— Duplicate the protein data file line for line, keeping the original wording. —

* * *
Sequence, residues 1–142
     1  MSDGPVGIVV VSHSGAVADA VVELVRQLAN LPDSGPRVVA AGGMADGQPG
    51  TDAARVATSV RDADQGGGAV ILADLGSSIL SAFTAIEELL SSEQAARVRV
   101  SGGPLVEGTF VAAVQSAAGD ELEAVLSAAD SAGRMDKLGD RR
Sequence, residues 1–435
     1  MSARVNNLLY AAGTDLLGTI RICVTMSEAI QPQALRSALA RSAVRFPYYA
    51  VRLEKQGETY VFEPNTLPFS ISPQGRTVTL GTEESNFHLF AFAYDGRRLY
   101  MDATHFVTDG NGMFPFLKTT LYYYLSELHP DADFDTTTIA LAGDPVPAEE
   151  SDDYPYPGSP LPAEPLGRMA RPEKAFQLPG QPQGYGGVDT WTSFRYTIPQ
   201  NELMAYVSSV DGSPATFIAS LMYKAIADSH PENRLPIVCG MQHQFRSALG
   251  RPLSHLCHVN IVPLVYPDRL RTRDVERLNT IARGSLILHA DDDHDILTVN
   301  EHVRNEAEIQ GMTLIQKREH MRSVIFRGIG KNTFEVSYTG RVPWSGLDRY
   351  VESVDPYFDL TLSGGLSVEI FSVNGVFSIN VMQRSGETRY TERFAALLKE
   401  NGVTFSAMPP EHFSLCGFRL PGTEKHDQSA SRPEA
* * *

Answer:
Sequence, residues 1–142
     1  MSDGPVGIVV VSHSGAVADA VVELVRQLAN LPDSGPRVVA AGGMADGQPG
    51  TDAARVATSV RDADQGGGAV ILADLGSSIL SAFTAIEELL SSEQAARVRV
   101  SGGPLVEGTF VAAVQSAAGD ELEAVLSAAD SAGRMDKLGD RR
Sequence, residues 1–435
     1  MSARVNNLLY AAGTDLLGTI RICVTMSEAI QPQALRSALA RSAVRFPYYA
    51  VRLEKQGETY VFEPNTLPFS ISPQGRTVTL GTEESNFHLF AFAYDGRRLY
   101  MDATHFVTDG NGMFPFLKTT LYYYLSELHP DADFDTTTIA LAGDPVPAEE
   151  SDDYPYPGSP LPAEPLGRMA RPEKAFQLPG QPQGYGGVDT WTSFRYTIPQ
   201  NELMAYVSSV DGSPATFIAS LMYKAIADSH PENRLPIVCG MQHQFRSALG
   251  RPLSHLCHVN IVPLVYPDRL RTRDVERLNT IARGSLILHA DDDHDILTVN
   301  EHVRNEAEIQ GMTLIQKREH MRSVIFRGIG KNTFEVSYTG RVPWSGLDRY
   351  VESVDPYFDL TLSGGLSVEI FSVNGVFSIN VMQRSGETRY TERFAALLKE
   401  NGVTFSAMPP EHFSLCGFRL PGTEKHDQSA SRPEA